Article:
Re: [rant] Re: Consequences of moving Emacs Manuals to non-free
On 24 Mar 2006, David Kastrup outgrape:
> Whatever. The Emacs documentation is far more integrated into its
> normal operation than with other tools. It does not make sense to
> separate them.
It is certainly regrettable that they need to be separated.
> I suggest you move all of Emacs into "non-free". Everything else is
> just dishonest.
I am not yet convinced of this -- this seems to be coming more
from angst than anything. The documentation should be in separate
packages anyway -- I can get emacs on my sharp Zaurus, but I don't
want to lug around the documentation on my hand-held.
I may also want to have docs on just one of the machines in my
home lan -- documents are easily enough accessible that way.
So, not having documentation installed on all machines that
emacs is installed in is a perfectly valid use case, and one which I
think we need to support.
> Anyway, it has just been decided by popular vote that GFDL without
> invariant sections is supposed to be considered DFSG. The argument
> against invariant sections was that they could be used to render
> software basically unmodifiable. You can render software
> unmodifiable if it is X11-licensed. So what happens downstream is
> not Debian's concern.
We allow our users choices. We give them fee software. While
we ourselves adhere to our guidelines, we do not hold our users to
the same standards. I am sorry of this offends you.
> So the question is: if we have _particular_ unmodifiable sections,
> are those done in a way that would render the software unmodifiable?
> Debian seemingly has decided that it will not bother to actually
By definitions, invariant sections are unmodifiable. And since
Debian does not distribute hardware or wetware, anything we
distribute which is invariant is invariant software -- and we have
committed to not distributing invariant software.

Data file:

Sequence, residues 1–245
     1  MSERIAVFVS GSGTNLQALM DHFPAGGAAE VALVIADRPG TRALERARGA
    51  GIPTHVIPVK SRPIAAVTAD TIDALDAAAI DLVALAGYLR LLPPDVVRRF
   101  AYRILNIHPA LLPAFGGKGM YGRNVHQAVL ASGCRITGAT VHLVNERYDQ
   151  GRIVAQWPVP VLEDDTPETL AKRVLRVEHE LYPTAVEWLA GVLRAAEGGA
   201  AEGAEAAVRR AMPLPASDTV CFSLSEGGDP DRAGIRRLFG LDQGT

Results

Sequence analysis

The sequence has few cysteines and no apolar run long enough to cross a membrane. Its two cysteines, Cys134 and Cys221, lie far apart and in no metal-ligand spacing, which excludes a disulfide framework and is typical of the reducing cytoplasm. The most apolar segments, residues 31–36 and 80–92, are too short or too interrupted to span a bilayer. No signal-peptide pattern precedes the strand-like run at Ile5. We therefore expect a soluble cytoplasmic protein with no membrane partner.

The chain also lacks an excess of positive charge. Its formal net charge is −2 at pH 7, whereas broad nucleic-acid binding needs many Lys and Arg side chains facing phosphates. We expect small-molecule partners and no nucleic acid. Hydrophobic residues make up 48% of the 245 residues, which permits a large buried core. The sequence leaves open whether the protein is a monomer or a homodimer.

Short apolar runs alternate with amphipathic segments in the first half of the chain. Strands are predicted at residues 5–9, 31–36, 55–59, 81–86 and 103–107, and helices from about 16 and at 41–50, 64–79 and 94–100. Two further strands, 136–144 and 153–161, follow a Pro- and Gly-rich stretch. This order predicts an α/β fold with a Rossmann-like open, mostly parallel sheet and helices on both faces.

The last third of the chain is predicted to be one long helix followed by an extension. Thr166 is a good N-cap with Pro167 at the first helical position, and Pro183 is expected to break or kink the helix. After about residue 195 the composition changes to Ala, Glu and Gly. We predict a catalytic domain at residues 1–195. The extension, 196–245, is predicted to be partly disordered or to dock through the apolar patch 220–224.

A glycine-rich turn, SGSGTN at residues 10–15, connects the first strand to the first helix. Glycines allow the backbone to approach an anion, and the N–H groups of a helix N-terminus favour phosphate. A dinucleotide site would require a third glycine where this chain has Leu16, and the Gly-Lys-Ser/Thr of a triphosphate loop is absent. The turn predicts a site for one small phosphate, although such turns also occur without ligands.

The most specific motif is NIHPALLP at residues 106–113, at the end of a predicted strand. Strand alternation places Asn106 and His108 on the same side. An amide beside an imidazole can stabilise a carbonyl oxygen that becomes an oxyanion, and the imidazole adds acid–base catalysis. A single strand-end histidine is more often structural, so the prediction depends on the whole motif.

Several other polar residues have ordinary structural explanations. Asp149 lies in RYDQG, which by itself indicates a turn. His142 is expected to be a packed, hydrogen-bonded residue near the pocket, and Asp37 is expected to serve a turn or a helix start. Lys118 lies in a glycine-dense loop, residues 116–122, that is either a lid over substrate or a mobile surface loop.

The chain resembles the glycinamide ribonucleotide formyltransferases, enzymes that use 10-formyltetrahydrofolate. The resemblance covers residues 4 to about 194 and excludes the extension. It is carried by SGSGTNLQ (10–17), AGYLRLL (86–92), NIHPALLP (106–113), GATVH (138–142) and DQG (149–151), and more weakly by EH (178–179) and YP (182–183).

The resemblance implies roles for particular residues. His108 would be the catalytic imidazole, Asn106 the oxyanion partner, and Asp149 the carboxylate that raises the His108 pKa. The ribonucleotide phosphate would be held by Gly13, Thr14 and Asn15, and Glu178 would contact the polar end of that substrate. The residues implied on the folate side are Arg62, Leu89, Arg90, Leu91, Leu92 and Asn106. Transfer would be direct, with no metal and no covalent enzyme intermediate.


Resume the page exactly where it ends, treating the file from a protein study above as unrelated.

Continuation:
> It is more interested in its principles rather than the
> interests of its users _and_ developers in free software.
Well, users, and developers, who disagree with our principles
can still get the non-fee documentation by adding one line to their
apt sources list. If you, as a developer or a user, think the docs
are free, why should you care how debian has classified it? You can
still get it on your box. So the interests of users and developers
who disagree with debian are not being catered to is an argument that
does not fly.
> There is no point served in splitting Emacs into non-operational
> crippled components. Move it all to non-free. That's your policy,
> and it is nonsensical to complicate matters for people by putting
> half-functional teasers into main.
Sorry, it makes a lot of sense to split executables and
documentation into separate packages; I have mentioned the use cases
earlier in this mail. The availability to users is only modestly
compromised -- it is still available, from debian machines,
maintained by debian developers, adhering to debian policy and
quality control, to the end user.
"Consistency requires you to be as ignorant today as you were a year
ago." Bernard Berenson
Manoj Srivastava <email@example.com> <http://www.debian.org/%7Esrivasta/>
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